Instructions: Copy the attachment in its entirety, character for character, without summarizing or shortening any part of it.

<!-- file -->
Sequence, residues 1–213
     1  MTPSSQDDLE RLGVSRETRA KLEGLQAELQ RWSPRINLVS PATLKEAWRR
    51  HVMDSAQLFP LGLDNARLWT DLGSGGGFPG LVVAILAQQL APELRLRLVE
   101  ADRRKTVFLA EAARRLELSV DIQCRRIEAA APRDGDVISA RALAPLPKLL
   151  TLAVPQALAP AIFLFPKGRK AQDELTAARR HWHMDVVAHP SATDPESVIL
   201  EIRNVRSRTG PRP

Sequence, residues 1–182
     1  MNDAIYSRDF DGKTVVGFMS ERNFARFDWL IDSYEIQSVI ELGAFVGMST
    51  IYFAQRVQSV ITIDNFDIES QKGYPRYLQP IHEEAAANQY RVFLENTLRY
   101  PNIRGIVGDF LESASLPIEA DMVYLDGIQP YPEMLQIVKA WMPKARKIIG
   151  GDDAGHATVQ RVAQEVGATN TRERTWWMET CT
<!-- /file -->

Sequence, residues 1–213
     1  MTPSSQDDLE RLGVSRETRA KLEGLQAELQ RWSPRINLVS PATLKEAWRR
    51  HVMDSAQLFP LGLDNARLWT DLGSGGGFPG LVVAILAQQL APELRLRLVE
   101  ADRRKTVFLA EAARRLELSV DIQCRRIEAA APRDGDVISA RALAPLPKLL
   151  TLAVPQALAP AIFLFPKGRK AQDELTAARR HWHMDVVAHP SATDPESVIL
   201  EIRNVRSRTG PRP

Sequence, residues 1–182
     1  MNDAIYSRDF DGKTVVGFMS ERNFARFDWL IDSYEIQSVI ELGAFVGMST
    51  IYFAQRVQSV ITIDNFDIES QKGYPRYLQP IHEEAAANQY RVFLENTLRY
   101  PNIRGIVGDF LESASLPIEA DMVYLDGIQP YPEMLQIVKA WMPKARKIIG
   151  GDDAGHATVQ RVAQEVGATN TRERTWWMET CT